86'd: How the Service Industry Was Forgotten During a Global Pandemic
If there is anything that was clarified to me during the COVID-19 pandemic, it is the expendability and lack of consideration for the members of the food service industry. In 2019, it was estimated that 10% of the population of the United States worked in food service in some capacity. When the country shut down, the majority of service industry workers were left without jobs, resources, or skills that new employers would see as assets to their teams.
Having worked 8 Mardi Gras, fielding and accurately distributing thousands of orders in short succession, I rebuke the idea that hospitality workers don’t have transferrable skills. In fact, I would posit that working directly with customers waiting for their food or a drink hones and sharpens soft skills much like a line cook hones and sharpens their knives. We understand working in high-pressure environment (being in the weeds), teamwork, and the need for open communication in a workspace.
I had already been moving out of the service industry before the pandemic hit, and the skills that I had gained working in a kitchen have been the most useful. There’s nothing like working in a college bar to prepare you for a classroom of middle schoolers. There was nothing they could do to phase me, I’d worked at the #1 college bar in America, the Boot, and as rowdy as these 12-year-olds thought they were, they have nothing on the masses of inebriated Tulane University students I dealt with every week.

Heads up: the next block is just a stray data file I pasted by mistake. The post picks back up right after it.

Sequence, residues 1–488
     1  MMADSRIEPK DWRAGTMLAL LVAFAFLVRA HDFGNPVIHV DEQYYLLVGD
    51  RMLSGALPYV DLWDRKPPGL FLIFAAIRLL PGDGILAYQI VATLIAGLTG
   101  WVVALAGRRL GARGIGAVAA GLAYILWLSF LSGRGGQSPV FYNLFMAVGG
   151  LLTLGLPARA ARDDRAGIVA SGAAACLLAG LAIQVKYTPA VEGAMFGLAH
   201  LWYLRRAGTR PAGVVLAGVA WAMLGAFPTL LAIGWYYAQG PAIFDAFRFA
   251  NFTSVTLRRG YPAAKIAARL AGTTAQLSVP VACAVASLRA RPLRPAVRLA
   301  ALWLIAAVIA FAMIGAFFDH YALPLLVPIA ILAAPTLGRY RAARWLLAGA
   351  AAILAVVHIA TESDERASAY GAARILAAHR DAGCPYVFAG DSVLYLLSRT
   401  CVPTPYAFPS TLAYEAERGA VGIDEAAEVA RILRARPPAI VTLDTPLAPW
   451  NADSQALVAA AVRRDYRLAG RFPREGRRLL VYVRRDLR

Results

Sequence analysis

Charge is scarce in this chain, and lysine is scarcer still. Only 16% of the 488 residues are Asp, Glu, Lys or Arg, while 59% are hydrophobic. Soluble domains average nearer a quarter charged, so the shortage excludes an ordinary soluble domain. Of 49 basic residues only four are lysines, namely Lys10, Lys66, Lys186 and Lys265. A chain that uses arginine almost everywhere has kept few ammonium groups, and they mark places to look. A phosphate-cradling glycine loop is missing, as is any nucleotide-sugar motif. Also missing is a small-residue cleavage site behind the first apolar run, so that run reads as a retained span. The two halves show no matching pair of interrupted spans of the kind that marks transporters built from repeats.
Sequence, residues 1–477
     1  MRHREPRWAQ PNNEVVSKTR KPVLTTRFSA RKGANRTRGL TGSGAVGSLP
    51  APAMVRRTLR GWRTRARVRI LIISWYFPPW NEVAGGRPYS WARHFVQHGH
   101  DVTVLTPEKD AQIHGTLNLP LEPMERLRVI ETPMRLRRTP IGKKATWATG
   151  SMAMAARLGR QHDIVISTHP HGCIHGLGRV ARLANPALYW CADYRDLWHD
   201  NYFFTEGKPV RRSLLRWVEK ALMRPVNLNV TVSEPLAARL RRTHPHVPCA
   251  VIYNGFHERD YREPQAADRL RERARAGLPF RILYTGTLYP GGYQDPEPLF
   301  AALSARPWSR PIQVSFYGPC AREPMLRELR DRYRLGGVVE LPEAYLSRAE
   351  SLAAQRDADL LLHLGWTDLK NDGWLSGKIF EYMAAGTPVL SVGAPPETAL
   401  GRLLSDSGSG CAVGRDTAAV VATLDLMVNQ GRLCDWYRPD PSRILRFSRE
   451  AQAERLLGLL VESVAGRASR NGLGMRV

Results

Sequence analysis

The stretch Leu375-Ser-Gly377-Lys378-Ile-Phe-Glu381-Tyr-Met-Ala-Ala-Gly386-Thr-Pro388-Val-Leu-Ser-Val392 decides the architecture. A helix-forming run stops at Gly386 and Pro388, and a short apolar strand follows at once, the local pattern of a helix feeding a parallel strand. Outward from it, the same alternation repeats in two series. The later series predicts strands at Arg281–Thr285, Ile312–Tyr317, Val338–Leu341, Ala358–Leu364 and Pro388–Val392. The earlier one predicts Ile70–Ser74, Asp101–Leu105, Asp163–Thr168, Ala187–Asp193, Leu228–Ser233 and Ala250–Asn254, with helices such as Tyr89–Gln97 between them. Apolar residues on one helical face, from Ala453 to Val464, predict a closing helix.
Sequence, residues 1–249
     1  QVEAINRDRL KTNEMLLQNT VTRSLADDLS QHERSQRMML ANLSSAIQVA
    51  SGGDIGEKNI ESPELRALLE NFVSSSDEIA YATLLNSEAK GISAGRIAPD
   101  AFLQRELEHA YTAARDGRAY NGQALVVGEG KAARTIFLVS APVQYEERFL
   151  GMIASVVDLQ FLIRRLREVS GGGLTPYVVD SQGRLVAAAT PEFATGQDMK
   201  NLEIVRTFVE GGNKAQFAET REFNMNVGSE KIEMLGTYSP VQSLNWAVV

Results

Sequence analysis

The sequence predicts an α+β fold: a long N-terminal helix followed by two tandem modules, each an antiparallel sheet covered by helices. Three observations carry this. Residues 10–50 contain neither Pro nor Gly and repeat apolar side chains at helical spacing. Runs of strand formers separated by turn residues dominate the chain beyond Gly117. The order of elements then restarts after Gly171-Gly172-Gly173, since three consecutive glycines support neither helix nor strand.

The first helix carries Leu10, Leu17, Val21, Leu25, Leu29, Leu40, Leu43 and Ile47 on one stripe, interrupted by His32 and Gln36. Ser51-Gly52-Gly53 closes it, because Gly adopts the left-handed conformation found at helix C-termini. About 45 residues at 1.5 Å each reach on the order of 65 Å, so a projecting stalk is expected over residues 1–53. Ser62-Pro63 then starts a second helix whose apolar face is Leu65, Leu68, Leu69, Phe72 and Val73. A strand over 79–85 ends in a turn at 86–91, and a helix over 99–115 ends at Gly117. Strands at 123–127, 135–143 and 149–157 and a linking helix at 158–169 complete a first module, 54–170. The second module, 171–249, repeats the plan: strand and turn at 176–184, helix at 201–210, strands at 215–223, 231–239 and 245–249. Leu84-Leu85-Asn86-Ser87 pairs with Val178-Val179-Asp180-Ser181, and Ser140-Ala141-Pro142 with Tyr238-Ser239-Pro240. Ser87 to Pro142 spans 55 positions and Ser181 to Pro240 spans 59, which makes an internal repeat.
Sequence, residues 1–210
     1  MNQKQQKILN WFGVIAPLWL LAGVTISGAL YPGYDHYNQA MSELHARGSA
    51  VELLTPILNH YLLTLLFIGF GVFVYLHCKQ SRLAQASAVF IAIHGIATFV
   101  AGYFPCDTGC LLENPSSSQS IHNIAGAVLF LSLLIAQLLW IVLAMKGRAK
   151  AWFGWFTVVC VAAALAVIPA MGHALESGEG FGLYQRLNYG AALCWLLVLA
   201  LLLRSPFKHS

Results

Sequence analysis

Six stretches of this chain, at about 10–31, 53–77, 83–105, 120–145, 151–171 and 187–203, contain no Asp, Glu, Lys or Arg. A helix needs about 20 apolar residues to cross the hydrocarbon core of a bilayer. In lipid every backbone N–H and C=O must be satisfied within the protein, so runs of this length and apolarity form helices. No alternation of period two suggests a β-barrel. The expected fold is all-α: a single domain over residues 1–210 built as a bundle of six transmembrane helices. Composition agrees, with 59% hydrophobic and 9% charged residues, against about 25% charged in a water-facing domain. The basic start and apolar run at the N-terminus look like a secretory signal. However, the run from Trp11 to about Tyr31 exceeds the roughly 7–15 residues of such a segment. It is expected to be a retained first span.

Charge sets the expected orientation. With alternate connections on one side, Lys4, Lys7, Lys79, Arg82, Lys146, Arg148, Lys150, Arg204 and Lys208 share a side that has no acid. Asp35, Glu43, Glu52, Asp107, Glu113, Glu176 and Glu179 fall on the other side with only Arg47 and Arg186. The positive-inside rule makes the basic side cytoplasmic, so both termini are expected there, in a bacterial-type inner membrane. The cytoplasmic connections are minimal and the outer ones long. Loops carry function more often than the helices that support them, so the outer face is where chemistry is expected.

So, why are employers not recognizing the soft skills that service industry workers have? It boils down to a societal lack of respect for the people in the food industry. They are thought of as unambitious, lazy, and unskilled, all of which could not be further from the truth. The line cooks, bartenders, and servers I know are some of the hardest working people I’ve ever met, often working 10–12 hour shifts with little to no breaks. This rigorous schedule is likely for a job that pays less than $15/hour, with no insurance, 401k matching, or the opportunity for advancement, within or outside of the restaurant. This leads to systemic poverty within the industry, as well as all of the negative byproducts of that: high rates of mental illness, addiction, and suicide.
I, as a result of the pandemic, have had the time to pursue UX design, which has given me the language and perspective to give commentary about the user experience of a restaurant. If servers are stakeholders, should we not treat them like it? Why, when 40% of service industry members lost their jobs last year, was it up to celebrities like Guy Fieri to step up instead of our government? Why were service industry workers not offered the essential worker stipend? Why were they not eligible for the vaccines, when food service is one of very few fields where you’re required to interact with maskless people?
As we start to see the light at the end of the tunnel and companies begin hiring again, I ask that you look beyond the resume littered with the names of sports bars and fast food joints, and think about the skills that these applicants may not even realize that they have in sales, customer experience, and data science. I think, like the thousands of meals they’ve delivered, you’ll find that service industry workers bring a lot to the table.